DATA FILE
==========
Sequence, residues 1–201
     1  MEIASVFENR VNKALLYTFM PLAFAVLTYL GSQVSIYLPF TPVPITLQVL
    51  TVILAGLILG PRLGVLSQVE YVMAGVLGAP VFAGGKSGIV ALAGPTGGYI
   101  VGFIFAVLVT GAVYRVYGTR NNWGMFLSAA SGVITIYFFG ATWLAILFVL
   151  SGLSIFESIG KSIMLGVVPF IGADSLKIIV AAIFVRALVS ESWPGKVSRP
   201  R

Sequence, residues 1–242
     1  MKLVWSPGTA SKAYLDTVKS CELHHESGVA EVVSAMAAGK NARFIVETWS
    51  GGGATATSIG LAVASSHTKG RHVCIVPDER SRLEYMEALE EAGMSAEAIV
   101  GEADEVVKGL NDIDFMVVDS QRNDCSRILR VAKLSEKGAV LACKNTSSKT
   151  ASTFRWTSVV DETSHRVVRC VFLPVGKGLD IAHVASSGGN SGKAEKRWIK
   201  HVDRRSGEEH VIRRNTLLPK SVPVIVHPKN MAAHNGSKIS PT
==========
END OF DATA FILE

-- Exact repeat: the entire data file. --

Sequence, residues 1–201
     1  MEIASVFENR VNKALLYTFM PLAFAVLTYL GSQVSIYLPF TPVPITLQVL
    51  TVILAGLILG PRLGVLSQVE YVMAGVLGAP VFAGGKSGIV ALAGPTGGYI
   101  VGFIFAVLVT GAVYRVYGTR NNWGMFLSAA SGVITIYFFG ATWLAILFVL
   151  SGLSIFESIG KSIMLGVVPF IGADSLKIIV AAIFVRALVS ESWPGKVSRP
   201  R

Sequence, residues 1–242
     1  MKLVWSPGTA SKAYLDTVKS CELHHESGVA EVVSAMAAGK NARFIVETWS
    51  GGGATATSIG LAVASSHTKG RHVCIVPDER SRLEYMEALE EAGMSAEAIV
   101  GEADEVVKGL NDIDFMVVDS QRNDCSRILR VAKLSEKGAV LACKNTSSKT
   151  ASTFRWTSVV DETSHRVVRC VFLPVGKGLD IAHVASSGGN SGKAEKRWIK
   201  HVDRRSGEEH VIRRNTLLPK SVPVIVHPKN MAAHNGSKIS PT